Nova Scotia

Halifax council eyes overhaul of parking meters and fees

Changes to parking in downtown Dartmouth and Halifax could be coming by the summer.

Changes to parking in downtown Dartmouth and Halifax could be coming by summer

Changes to parking in downtown Dartmouth and Halifax could be coming by the summer.

The changes include the replacement of meters with pay-for-parking kiosks. The changeover would start this summer, but there is no timeline for when all meters might be replaced by a kiosk system. 

The head of Halifax's transportation department talked about the move on Wednesday during a budget debate. Brad Anguish signalled that the city may move towards an overhaul of parking fees, including a variable rate system depending on where and when you park. 

"With the new technology that's the time to review your fees," said Anguish. "So we will be bringing recommendations prior to that."

According to municipal staff, not only could the parking fees increase but there could be a variety of charges depending on the location and time of day.

"So we can play with the rates to regulate demand," said Victoria Horne.

The new rates would have to first be approved by municipal council, but Councillor Waye Mason supports the idea. The cost of getting a ticket is so minimal currently, people aren't motivated to go pay for parking in a garage.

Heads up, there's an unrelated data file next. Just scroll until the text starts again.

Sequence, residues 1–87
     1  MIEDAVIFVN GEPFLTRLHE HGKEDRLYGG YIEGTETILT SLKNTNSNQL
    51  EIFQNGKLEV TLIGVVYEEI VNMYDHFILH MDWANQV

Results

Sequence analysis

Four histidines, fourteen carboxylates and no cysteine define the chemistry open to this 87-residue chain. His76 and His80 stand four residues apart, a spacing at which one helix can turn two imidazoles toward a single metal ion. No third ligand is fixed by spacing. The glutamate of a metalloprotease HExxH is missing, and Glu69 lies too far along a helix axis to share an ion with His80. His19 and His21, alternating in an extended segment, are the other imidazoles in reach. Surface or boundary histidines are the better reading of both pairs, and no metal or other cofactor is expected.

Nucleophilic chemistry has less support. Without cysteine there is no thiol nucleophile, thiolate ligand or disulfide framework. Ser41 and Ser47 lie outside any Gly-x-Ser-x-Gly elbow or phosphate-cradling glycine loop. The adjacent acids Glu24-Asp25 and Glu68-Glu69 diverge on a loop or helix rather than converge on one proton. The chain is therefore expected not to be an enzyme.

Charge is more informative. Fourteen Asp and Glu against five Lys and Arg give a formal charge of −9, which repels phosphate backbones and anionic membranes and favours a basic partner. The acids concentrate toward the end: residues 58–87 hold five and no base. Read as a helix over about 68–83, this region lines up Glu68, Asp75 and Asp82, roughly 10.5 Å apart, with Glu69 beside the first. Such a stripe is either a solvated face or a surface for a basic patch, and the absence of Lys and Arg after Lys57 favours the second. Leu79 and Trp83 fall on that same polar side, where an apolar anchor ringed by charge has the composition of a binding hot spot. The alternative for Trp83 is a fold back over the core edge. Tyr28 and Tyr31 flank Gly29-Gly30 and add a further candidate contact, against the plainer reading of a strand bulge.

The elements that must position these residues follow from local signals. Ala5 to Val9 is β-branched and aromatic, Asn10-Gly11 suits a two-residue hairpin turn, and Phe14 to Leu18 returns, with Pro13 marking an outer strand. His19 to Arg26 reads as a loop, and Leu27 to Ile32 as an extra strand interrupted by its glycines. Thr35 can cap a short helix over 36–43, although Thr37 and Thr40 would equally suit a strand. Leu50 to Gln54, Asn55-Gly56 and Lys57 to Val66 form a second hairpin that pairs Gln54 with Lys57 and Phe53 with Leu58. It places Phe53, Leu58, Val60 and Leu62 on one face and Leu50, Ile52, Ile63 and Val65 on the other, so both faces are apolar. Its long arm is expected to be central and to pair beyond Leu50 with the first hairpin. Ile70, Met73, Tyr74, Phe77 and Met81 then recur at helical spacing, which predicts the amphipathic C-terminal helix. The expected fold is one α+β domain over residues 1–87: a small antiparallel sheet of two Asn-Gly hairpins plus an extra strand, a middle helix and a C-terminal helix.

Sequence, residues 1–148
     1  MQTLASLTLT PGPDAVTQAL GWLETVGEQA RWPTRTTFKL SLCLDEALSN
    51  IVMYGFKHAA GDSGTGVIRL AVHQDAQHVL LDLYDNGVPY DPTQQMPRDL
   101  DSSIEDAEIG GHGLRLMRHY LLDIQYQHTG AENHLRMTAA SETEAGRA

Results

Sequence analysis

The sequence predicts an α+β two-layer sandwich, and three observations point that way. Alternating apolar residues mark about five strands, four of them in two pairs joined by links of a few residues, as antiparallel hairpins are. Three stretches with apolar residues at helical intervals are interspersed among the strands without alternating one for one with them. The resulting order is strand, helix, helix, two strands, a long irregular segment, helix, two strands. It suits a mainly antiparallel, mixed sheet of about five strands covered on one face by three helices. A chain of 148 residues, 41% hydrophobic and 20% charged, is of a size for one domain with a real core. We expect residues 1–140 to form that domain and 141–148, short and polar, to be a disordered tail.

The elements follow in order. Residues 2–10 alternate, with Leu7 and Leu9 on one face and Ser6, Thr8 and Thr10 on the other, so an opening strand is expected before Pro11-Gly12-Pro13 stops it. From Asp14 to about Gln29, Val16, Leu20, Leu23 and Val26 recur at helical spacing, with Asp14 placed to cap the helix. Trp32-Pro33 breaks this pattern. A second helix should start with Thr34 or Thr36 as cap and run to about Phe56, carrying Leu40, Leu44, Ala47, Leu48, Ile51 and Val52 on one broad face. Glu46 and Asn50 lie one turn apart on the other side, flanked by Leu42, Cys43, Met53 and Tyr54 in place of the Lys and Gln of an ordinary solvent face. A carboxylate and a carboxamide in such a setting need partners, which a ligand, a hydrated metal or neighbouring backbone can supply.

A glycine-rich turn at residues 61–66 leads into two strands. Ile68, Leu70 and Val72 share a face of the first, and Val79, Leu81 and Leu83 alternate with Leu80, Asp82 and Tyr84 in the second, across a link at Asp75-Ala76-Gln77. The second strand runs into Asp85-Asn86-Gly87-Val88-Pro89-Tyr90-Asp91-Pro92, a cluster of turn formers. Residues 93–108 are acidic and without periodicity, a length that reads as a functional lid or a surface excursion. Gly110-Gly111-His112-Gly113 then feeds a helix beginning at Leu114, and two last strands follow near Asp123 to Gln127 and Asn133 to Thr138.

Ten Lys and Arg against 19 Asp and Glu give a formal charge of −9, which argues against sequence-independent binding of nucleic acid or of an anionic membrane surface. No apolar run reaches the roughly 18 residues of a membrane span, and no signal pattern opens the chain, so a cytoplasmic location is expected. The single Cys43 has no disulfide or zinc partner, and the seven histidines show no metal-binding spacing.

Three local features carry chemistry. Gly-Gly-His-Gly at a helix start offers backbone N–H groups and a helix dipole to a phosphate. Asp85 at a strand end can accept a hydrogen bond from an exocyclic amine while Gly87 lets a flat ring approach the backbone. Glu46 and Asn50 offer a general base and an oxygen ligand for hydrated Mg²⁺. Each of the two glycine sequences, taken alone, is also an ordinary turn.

"We know that the meters right now are so low and the tickets are so low that people are not even looking at parking off street."

According to Anguish, the municipality is working with the business commissions and has agreed to do a parking demand study twice a year.

Comments

To encourage thoughtful and respectful conversations, first and last names will appear with each submission to CBC/Radio-Canada's online communities (except in children and youth-oriented communities). Pseudonyms will no longer be permitted.

By submitting a comment, you accept that CBC has the right to reproduce and publish that comment in whole or in part, in any manner CBC chooses. Please note that CBC does not endorse the opinions expressed in comments. Comments on this story are moderated according to our Submission Guidelines. Comments are welcome while open. We reserve the right to close comments at any time.